Think of how the Christmas narrative begins in Luke 2: “And it came to pass in those days, that a decree went out from Caesar Augustus that all the world should be registered.” Caesar ordered a census. Do we think this decree of Caesar was just a coincidence or an accident? No, it was not. As a direct result of this census, Joseph—who was of the house and lineage of King David—was required to travel with his pregnant wife, Mary, to Bethlehem his ancestral home. Where had the Old Testament promised the Messiah would be born? In Bethlehem.
When Jesus was born, the Romans ruled the world. They had established order and peace and built magnificent roads that crisscrossed their massive empire. All of this facilitated the spread of the Gospel throughout the world.
When Jesus was born, the common language throughout the empire was Koine Greek, a precise, yet easy-to-understand, language. It was also the language in which God caused the New Testament to be written. Do we really think any of these things are mere coincidence? Or do we rather see the mighty hand of God the Father moving kings, empires, events, and individuals to ensure the birth of Jesus happened at just the right time? God always acts at the right time. This is as true of our lives as it was true of the birth of Christ.
Paul next describes the work of the God the Son in accomplishing God’s Family Plan: “But when the time had fully come, God sent his Son, born of a woman, born under law, to redeem those under law, that we might receive the full rights of sons.” [vv.4-5 NIV]
These two things, “born of a woman” and “born under law” are true of every human being. It’s our humanity that places us under the Law of God—a Law, which Paul states repeatedly in Galatians, sinful human beings cannot keep. Because we cannot keep God’s Law, it curses and condemns us. To repeat the words of Galatians 3:10, “All who rely on observing the law are under a curse, for it is written: ‘Cursed is everyone who does not continue to do everything in the Book of the Law.’” (NIV). But as Paul immediately adds in 3:13: “Christ has redeemed us from the curse of the Law having become a curse for us, for it is written: ‘Cursed is everyone who hangs on a tree.” This is a reference to Christ’s death on the cross—made of a tree. In one of those wondrous parallels of Scripture, the tree in Eden led to sin, death, and condemnation, but the tree on Calvary led to forgiveness, life, and redemption.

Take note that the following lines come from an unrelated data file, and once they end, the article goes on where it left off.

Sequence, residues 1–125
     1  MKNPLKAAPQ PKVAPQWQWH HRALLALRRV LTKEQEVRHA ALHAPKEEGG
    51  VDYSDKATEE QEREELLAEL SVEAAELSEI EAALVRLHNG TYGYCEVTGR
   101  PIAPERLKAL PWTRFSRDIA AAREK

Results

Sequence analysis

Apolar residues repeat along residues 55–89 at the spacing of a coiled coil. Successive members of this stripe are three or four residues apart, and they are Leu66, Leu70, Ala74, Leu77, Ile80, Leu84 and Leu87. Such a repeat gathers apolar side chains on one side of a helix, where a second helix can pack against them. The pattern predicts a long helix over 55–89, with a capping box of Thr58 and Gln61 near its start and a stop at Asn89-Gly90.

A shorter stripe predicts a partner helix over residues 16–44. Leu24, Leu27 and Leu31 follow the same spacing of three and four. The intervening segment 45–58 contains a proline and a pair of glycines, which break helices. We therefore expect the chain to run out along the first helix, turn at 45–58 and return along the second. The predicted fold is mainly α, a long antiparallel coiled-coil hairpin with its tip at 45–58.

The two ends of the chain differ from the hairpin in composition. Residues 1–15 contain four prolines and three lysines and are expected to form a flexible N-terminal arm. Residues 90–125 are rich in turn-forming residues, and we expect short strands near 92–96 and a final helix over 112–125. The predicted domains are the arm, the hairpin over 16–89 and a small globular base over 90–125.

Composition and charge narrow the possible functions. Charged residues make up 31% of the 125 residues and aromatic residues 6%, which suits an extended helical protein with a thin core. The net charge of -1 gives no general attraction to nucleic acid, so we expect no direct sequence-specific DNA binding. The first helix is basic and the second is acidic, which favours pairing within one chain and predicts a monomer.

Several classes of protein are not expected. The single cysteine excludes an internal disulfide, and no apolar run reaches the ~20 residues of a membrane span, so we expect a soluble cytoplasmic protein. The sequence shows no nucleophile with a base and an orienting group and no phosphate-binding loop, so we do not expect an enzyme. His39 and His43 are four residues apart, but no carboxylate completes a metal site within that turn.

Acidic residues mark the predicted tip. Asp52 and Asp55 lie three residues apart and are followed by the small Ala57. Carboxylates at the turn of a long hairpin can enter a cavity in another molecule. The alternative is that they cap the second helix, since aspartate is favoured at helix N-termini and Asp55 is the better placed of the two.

I understand that expressions like “substitutionary atonement” and “Jesus took our place” may seem dry and dogmatic, but what blessed facts they are. Not long ago I saw a video online that presented substitution in a striking way. A condemned criminal was strapped into an electric chair. The warden’s hand was on the switch. At the last minute, a father gently led his young, wide-eyed son into the room. He released the prisoner and let him go, then placed his own son into the electric chair and attached all the wires. Then the father himself flipped the switch. This is substitutionary atonement. This is what God the Father did by sending his only Son into the world to suffer and die in our place.